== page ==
The Phuket Vegetarian Festival is held over a nine-day period, usually in October, and came about due to the Chinese community’s belief that a vegetarian diet during the ninth lunar month of the Chinese calendar enables them to obtain good health and a sound mind.
It’s fair to say that the festival transcends most people’s perceptions of what it entails. Many picture passive scenes of vegetarian food stalls and perhaps some accompanying music. The truth is that it in fact involves some dangerous activities for its participants, including ladder climbing with rungs made of knives, barefoot walks across hot coals, and some extreme piercings with various hooks and skewers. This is all accompanied by rapid-fire explosions and dramatic puffs of smoke thanks to all the Chinese fire crackers.
Celebrated countrywide, Songkran is the ultimate festival in Thailand–a time when people from every walk of life, from the young to the old, come out to participate in what is essentially one giant water fight! It takes place in April, which marks the beginning of the traditional Thai New Year, and Phuket is a great place to celebrate it as the whole island comes alive in celebration.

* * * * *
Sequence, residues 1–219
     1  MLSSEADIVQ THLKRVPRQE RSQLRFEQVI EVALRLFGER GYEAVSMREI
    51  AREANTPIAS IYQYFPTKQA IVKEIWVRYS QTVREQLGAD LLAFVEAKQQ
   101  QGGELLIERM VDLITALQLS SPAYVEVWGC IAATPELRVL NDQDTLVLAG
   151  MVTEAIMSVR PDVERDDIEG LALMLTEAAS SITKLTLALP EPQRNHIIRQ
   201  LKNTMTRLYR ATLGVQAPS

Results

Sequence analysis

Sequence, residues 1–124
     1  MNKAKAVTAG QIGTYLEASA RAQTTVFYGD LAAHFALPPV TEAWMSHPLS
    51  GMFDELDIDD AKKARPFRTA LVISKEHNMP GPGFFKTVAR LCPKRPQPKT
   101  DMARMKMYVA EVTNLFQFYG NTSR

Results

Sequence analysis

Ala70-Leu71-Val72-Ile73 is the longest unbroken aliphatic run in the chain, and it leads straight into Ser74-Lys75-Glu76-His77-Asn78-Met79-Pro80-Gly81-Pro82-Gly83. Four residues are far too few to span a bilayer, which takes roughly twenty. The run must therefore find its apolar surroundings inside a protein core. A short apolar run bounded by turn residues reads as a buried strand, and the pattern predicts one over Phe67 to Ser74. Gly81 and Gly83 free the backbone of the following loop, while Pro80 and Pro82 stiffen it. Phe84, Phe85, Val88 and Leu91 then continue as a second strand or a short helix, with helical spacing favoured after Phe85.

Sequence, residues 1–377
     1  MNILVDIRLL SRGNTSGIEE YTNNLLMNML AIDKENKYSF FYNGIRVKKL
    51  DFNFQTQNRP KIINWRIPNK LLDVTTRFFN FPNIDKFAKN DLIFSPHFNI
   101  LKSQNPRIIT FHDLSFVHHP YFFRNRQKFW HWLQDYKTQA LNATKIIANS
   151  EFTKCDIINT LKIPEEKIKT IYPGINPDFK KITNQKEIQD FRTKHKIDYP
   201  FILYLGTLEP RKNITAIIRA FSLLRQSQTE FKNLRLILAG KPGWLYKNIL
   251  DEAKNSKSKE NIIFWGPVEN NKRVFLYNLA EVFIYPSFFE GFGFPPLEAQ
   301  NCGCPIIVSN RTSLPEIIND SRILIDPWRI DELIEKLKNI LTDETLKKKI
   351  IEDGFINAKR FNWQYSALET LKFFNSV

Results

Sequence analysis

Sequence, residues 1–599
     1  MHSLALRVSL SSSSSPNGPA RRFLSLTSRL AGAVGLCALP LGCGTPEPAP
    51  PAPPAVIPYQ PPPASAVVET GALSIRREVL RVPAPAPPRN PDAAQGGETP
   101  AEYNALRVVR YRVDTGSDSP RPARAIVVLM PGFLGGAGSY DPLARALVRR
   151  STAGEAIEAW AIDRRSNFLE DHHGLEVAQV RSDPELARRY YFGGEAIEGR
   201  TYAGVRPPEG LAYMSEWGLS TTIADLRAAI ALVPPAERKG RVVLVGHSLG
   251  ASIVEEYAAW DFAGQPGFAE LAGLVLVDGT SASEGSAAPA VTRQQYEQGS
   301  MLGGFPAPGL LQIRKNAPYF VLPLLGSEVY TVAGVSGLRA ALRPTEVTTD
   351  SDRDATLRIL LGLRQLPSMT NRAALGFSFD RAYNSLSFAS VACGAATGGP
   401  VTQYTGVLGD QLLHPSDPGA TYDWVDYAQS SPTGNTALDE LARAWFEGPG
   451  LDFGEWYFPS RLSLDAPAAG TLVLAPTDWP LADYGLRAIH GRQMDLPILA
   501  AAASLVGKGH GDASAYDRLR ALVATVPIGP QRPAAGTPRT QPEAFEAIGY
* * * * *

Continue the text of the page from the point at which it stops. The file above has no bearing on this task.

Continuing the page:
Loi Krathong is one of Thailand’s most significant festivals. Loi means to ‘float’ and ‘krathong’ is a small lotus shaped carving made (traditionally) from the trunk of a banana tree and decorated with folded banana leaves, flowers, candles, and incense sticks. Held in November, thousands of these small candles are sent to float gently out to sea so that waters around the whole of Thailand become awash with light. If staying in Phuket or another coastal area, it’s possible to see these for miles out to sea, with reports of sightings close to the Similan Islands.